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As 2010 comes to a close, I am reflecting on the 20th anniversary of Stagefright. Over the past 20 years I have had the good fortune to meet many luminaries of the American theater, some of whom we lost over the past year.

I met the fabulous June Havoc many, many years ago. (I still had hair.) She died in March at age 97. Havoc appeared on the vaudeville stage from the time she was two, including Christmas engagements at Buffalo’s Lafayette Theatre that she often recalled with great affection. Billed as “Baby” June, then Dainty June, she was immortalized in the classic musical Gypsy.

Lynn Redgrave died in May at age 67. A true artist and a generous person, always brilliant on stage, I learned so much about acting through conversation with her.

Ilene Woods, the voice of Disney’s Cinderella, died in July at age 81. She signed an autograph for my nephew, who at the time was four years old and refused to watch any other DVD.

Kathryn Grayson starred in some of MGM’s biggest hits, including Kiss Me Kate and Show Boat. In 1962 she took over the role of Guenevere in the original Broadway production of Camelot. She died in February at age 88.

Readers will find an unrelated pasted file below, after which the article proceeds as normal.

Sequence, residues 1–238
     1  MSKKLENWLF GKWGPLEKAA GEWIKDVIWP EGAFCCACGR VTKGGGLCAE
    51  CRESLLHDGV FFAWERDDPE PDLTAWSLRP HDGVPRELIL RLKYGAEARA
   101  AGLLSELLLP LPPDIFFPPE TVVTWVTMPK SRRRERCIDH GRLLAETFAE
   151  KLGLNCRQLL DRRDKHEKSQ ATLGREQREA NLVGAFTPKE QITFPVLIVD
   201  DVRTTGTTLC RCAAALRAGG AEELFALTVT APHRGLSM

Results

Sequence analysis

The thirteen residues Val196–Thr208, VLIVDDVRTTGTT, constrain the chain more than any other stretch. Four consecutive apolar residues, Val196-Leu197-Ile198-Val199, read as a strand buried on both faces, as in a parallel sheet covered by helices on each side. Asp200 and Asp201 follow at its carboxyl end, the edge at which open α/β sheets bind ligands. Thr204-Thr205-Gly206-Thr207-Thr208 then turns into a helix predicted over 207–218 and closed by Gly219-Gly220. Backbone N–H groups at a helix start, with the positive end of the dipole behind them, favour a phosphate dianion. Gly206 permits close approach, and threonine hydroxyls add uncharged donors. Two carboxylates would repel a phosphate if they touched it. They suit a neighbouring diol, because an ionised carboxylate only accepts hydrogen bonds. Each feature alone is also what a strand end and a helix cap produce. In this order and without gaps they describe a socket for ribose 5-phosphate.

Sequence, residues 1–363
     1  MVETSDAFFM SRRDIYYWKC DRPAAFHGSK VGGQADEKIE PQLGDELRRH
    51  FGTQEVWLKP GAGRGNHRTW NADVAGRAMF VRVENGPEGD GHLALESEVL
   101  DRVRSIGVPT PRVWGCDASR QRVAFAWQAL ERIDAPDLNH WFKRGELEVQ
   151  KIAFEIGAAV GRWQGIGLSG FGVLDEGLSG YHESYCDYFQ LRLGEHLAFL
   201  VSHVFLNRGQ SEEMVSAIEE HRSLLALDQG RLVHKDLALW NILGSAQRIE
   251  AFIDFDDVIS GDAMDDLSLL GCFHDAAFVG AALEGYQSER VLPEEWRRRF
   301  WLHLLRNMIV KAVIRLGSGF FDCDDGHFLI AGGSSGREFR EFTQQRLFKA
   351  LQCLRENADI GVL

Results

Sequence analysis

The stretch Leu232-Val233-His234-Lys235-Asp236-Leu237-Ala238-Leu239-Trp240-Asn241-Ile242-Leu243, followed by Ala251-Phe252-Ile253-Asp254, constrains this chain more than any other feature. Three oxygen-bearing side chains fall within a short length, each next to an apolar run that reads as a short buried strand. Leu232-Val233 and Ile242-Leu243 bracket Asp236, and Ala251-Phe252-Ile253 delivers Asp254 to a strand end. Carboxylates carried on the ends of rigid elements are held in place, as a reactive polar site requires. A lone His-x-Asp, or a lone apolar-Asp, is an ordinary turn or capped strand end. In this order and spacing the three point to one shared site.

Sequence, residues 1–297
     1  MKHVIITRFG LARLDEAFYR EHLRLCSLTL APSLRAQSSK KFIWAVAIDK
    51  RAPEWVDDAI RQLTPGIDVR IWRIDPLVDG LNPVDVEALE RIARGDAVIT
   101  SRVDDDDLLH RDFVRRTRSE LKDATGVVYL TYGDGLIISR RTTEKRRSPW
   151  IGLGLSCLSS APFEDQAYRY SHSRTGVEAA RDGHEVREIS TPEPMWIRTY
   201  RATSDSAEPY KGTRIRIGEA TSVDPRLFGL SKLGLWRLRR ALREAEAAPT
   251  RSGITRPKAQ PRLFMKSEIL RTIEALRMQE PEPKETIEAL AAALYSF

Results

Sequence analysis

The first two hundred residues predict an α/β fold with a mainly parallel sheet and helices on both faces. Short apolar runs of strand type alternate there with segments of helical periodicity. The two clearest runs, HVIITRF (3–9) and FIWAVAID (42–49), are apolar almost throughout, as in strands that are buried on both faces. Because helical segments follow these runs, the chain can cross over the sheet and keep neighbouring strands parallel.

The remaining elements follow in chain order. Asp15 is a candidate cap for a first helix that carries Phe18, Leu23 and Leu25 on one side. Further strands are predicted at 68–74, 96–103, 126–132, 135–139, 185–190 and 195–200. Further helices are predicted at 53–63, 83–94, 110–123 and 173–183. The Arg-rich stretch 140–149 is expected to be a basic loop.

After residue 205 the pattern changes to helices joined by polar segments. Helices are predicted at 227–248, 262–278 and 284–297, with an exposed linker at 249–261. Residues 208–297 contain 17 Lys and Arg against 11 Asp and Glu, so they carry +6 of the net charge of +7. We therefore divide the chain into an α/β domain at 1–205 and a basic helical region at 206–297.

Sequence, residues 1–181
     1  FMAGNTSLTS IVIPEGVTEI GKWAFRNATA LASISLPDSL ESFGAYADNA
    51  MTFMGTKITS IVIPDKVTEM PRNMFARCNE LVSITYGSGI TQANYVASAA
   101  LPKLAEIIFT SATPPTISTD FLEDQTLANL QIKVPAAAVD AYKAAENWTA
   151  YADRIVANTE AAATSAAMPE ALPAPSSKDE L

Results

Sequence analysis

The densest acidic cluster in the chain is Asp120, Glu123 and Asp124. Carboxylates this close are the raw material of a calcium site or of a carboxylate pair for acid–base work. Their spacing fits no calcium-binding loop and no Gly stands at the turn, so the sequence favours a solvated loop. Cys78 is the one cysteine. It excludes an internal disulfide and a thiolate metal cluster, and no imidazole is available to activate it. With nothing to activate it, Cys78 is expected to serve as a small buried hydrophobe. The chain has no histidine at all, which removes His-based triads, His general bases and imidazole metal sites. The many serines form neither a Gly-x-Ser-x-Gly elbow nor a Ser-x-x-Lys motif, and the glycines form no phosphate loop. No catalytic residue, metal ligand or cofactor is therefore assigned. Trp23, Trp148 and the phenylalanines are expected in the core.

Golden Girl Rue McClanahan died in June at age 76. Best known for television, her stage appearances were numerous. Meeting her was a highlight.

Robert Culp began his career off-Broadway and ended up becoming a TV star. He died in March at age 79. He appeared in a 1990 episode of The Golden Girls, playing one of Blanche’s many men.

Jill Clayburgh, who died in November at age 66, was one of my favorite movie actresses and seeing her on stage was a true delight.

Tom Bosley, who died in October at age 83, had a Tony for his performance in the musical Fiorello back in 1959. He was last on Broadway playing Herr Schultz in 2003 in the revival of Cabaret.

James MacArthur died in October at age 72. Famous for his role in the original Hawaii Five-0, he was the son of the late first lady of the stage Helen Hayes, and playwright Charles MacArthur.